Cadbury Old Gold Dark Chocolate Shonky

I have been eating Cadbury Old Gold Rum N Raisin Dark Chocolate for quite a while but when I opened a new block yesterday, it appeared to be much lighter in colour and had a different taste, so I have just read the back of an unopened block.

“Dark Chocolate 82%, Raisins 17%, Rum 1%.”

“Dark Chocolate contains cocoa solids 37%.”

I am sure that Cadbury Old Gold used to be 70% cocoa solids.

According to this article, dark chocolate contains between 50% and 90% cocoa solids so the Cadbury product does not qualify as dark chocolate at all.,in%20some%20form%2C%20and%20sugar.

This article regarding the best and worst brands of dark chocolate lists Cadbury Old Gold as " * Cadbury Old Gold
It says dark chocolate on the label, but it is a dairy milk – with a high sugar content."

Cadbury’s Australian website lists the cocoa content for all varieties of Old Gold with the sole exception of Rum N Raisin. The others range between 40% and 45%.

Most disappointed.



Old Gold was in the past 50%, the 70, 75 percenters are a not the standard Old Gold. Cadbury have fiddled previously to get best dollar for least cost. Palm Oil in that glass and a half.


Most of the Old Gold chocolate range doesn’t contain vegetable (potentially palm) oil. The only one that does is (apologies to @fred123 in advance) Old Gold Dark Chocolate Old Jamaica Rum N Raisin. And in relation to Cadbury’s use of palm oil, they indicate that their chocolate doesn’t contain palm oil, but some of the filled chocolates contain palm oil in the fill.

Old Gold had a limited number of different types when I grew up (rum and raisin and plain from memory)…but more recently it has expanded its range possibly to cash in on the dark chocolate ‘health’ craze.

I also can’t find any information that Cadbury’s carries out dutching on its dark chocolates. It appears that it does for its packaged Cadbury Bournville Coco.


They altered their recipe but there was a backlash so they removed it. It wasn’t that they didn’t attempt it.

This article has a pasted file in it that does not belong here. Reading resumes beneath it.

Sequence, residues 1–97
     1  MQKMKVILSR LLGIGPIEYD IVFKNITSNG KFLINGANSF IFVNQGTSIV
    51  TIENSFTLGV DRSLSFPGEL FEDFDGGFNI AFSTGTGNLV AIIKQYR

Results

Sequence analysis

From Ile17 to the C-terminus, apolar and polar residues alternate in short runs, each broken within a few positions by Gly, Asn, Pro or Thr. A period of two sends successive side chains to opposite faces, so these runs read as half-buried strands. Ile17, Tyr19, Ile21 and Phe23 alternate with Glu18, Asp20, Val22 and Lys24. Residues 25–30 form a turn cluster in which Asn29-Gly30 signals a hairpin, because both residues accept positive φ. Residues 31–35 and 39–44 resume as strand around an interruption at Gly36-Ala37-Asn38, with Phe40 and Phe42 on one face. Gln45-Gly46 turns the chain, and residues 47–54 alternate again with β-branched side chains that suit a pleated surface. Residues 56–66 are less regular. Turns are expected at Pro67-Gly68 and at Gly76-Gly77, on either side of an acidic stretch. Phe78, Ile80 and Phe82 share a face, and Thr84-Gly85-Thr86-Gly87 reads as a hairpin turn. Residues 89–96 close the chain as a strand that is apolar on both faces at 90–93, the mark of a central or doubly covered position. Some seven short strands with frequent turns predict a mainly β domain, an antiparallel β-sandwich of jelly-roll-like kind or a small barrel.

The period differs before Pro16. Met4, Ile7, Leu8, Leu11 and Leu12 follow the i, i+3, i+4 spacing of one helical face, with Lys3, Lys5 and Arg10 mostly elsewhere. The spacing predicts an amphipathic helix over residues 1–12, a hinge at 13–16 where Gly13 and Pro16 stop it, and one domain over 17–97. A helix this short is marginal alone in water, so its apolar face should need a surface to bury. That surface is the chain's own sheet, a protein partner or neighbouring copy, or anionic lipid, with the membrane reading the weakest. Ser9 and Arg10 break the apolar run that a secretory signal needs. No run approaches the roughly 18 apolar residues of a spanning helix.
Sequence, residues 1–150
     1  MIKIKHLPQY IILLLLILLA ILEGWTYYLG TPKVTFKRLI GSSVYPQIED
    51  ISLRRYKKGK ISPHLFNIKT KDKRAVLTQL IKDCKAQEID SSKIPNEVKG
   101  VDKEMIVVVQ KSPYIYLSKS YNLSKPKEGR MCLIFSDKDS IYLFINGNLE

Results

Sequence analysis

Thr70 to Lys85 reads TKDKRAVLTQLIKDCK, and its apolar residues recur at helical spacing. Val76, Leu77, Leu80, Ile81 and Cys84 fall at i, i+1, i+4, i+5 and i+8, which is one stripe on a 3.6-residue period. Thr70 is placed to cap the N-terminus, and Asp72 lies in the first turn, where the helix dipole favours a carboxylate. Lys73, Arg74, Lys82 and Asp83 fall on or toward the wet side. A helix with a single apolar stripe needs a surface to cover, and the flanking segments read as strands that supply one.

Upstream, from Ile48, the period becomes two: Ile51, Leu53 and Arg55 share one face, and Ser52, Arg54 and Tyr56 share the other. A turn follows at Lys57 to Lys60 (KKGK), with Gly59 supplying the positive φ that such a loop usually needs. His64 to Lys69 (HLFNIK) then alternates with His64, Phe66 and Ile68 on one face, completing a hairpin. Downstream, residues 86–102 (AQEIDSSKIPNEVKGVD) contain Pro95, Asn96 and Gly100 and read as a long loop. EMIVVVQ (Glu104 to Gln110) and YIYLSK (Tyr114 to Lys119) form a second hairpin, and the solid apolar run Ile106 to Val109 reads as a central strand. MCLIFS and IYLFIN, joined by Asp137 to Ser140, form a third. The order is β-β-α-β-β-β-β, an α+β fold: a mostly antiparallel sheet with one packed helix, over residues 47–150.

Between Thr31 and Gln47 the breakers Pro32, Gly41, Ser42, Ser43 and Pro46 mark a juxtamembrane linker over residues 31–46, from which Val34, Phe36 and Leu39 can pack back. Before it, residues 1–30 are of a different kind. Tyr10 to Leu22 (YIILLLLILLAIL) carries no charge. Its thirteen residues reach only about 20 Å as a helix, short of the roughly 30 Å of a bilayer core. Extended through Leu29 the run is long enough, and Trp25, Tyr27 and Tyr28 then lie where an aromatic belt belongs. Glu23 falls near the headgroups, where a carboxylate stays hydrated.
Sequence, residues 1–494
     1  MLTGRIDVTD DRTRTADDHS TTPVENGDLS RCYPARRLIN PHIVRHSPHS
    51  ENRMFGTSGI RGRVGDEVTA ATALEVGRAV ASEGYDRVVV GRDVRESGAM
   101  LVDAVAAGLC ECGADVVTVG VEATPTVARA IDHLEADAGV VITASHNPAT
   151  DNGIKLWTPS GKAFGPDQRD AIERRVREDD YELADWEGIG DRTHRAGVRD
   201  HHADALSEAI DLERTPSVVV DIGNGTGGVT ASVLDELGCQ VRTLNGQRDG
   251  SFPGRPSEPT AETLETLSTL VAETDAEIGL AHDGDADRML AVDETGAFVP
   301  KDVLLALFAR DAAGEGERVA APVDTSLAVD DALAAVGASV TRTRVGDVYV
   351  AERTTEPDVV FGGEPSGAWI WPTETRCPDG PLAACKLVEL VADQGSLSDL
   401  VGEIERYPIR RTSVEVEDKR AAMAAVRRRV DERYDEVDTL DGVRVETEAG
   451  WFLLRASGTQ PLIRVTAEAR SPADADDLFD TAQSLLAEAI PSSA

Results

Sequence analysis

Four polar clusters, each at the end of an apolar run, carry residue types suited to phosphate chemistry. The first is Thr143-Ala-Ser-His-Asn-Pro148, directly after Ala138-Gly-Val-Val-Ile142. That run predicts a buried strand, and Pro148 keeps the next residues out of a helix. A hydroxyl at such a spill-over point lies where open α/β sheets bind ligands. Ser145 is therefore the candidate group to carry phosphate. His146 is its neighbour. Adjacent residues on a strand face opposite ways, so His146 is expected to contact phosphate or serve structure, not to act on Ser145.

One other variety I remember was the Almond one from my younger days.


They still have the roast almond one.

They also have the 300gm blocks of Rum N Raisin for the same price as the 180gm blocks.

Perhaps they deserve a Platinum Shonky.


Fred - the link you posted shows Rum N Raisin as 37% cocoa solids. I checked Lindt dark chocolate varieties - they list 47% minimum cocoa solids in the general/variety range: this increases to a 70 - 95% cocoa range!
I used to buy Cadbury R & R, but discovered Lindt… now I buy bars when at (super) special prices & keep them in the freezer - they thaw quite quickly.


Try one of the Lindt varieties, pretty sure they are better


I was buying the Lindt Excellence Chilli blocks but stopped eating chocolate for quite a while.

People are sceptical regarding chocolate with chilli but it is delicious.


A Choice test, only 6 years old and recipes and products sometimes change for the better or worse over time, and all are not included. Yet the test might still be interesting in the context of the topic, especially the criteria as well as the divergent views among the ‘panelists’.


We buy Lindt or Freys 90/85% cocoa if we buy dark chocolate. Funny enough we bought Old Gold 70% for a change as it was half price at Woollies this week. Its sugar content is similar to Lindt 70% and we will be using it to make hot chocolates (1/2 to 1 piece in a cup of milk microwaved for 2 minutes).


I no longer buy ANY Cadbury chocolate. Even the dark chocolate is so sweet it is no longer palatable. I am a diabetic so I have to limit my chocolate intake. I have 2 squares of Lindt 85% dark chocolate and I find that that is enough to satisfy my craving.


3 posts were merged into an existing topic: Food certification discussion

I wish to upgrade my Shonky nomination of Cadbury Old Gold Dark Chocolate to include all Cadbury block chocolates.

As if pricing their Rum N Raisin 180gm blocks at the same price as their 300gm blocks at $5.00 each is not shonky enough, then pricing their Dairy Milk 180gm and 350gm blocks at $5.00 each is even more shonky.

So consumers can get almost double the amount of product for no extra cost with the 350gm block, or conversely, anyone silly enough to buy the 180gm blocks when they are not on special is paying virtually double the price per 100gm.